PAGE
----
Survey: Most U.S. Car Buyers Want Domestic Brands

September 2, 2009
GM Renaissance Center American flag

GM Renaissance Center American flag

Market share of the Detroit 3 has been deteriorating in the U.S. for years, dipping below the 50% mark for the first time in late 2007 and continuing the slide despite the best efforts of the government. Last month, the Detroit 3 only accounted for 43.9% of the passenger vehicle market, while Asian brands accounted for 48% and European brands roughly 7.5%.

The Detroit 3 may see a turnaround in this trend, however, as a new survey suggests that most Americans still want to buy their cars from an American brand.

According to the latest survey run by Consumer Reports, close to twice as many Americans would likely consider a Detroit 3 brand compared to those that would consider an Asian or European brand. The survey found that 81% of new car buyers said they were likely to consider an American brand for their next vehicle compared with 47% who said they would consider Asian brands and 46% who would consider European brands.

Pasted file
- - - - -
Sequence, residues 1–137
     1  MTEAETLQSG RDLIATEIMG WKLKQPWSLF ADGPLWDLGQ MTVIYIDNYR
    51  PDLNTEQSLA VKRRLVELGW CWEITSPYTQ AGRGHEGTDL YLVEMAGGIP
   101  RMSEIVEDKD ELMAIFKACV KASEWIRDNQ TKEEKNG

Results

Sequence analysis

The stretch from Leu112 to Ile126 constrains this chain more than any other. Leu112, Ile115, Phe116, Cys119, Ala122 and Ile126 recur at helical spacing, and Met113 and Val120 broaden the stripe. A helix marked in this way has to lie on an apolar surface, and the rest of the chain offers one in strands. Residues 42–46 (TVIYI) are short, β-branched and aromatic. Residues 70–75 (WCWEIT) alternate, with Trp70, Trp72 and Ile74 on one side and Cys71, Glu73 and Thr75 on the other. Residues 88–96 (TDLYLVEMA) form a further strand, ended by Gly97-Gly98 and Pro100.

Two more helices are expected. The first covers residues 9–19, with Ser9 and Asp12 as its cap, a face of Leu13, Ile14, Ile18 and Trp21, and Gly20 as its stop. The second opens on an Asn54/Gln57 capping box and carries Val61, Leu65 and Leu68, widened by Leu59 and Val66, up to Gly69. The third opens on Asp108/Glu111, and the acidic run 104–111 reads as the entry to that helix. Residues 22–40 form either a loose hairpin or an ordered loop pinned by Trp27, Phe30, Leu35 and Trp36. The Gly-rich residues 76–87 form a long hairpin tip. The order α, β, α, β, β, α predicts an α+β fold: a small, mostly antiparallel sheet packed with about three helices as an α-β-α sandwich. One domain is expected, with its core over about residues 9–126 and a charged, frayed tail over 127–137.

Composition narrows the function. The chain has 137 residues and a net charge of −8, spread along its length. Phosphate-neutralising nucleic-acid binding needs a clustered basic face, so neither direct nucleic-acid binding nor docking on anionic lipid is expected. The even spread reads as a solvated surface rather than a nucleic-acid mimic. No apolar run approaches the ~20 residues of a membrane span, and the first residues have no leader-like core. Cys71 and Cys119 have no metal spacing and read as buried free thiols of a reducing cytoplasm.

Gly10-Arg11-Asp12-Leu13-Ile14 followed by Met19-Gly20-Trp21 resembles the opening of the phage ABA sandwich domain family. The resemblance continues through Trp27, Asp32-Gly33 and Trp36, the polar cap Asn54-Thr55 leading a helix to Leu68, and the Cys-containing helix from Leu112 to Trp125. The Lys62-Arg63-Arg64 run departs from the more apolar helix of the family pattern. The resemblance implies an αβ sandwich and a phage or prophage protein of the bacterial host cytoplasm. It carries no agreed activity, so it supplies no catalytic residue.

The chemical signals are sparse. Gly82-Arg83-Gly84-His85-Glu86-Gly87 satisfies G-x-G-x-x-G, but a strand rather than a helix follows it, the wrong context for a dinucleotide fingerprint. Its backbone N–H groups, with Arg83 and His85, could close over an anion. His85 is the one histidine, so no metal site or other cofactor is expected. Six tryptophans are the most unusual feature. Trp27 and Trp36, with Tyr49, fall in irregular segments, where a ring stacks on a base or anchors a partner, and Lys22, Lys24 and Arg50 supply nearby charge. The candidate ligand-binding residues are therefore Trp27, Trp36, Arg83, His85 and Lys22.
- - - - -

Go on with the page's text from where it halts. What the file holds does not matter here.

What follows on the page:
Disheartening for the Detroit 3, the results show that while most new car buyers want to buy American, for whatever reason, mostly quality and appeal problems, many are being turned off. The recent bankruptcies of General Motors and Chrysler also proved to be a factor turning off potential customers.

In terms of what attributes were most sort after in new cars, fuel economy topped the list, followed by quality, safety, price and value.

The survey was conducted between July 30 and August 3 and included the responses of 1,777 adults whose families own vehicles.


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